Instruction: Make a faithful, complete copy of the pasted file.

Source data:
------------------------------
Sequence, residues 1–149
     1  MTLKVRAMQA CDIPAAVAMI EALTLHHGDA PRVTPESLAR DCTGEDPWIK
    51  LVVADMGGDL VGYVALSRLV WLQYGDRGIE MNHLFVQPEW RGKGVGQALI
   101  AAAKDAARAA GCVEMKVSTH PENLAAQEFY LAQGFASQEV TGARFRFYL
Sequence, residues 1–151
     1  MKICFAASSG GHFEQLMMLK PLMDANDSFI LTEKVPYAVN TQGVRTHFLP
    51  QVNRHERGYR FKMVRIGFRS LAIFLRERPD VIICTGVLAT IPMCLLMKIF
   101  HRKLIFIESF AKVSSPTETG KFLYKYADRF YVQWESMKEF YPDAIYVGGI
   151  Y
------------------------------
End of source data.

Sequence, residues 1–149
     1  MTLKVRAMQA CDIPAAVAMI EALTLHHGDA PRVTPESLAR DCTGEDPWIK
    51  LVVADMGGDL VGYVALSRLV WLQYGDRGIE MNHLFVQPEW RGKGVGQALI
   101  AAAKDAARAA GCVEMKVSTH PENLAAQEFY LAQGFASQEV TGARFRFYL
Sequence, residues 1–151
     1  MKICFAASSG GHFEQLMMLK PLMDANDSFI LTEKVPYAVN TQGVRTHFLP
    51  QVNRHERGYR FKMVRIGFRS LAIFLRERPD VIICTGVLAT IPMCLLMKIF
   101  HRKLIFIESF AKVSSPTETG KFLYKYADRF YVQWESMKEF YPDAIYVGGI
   151  Y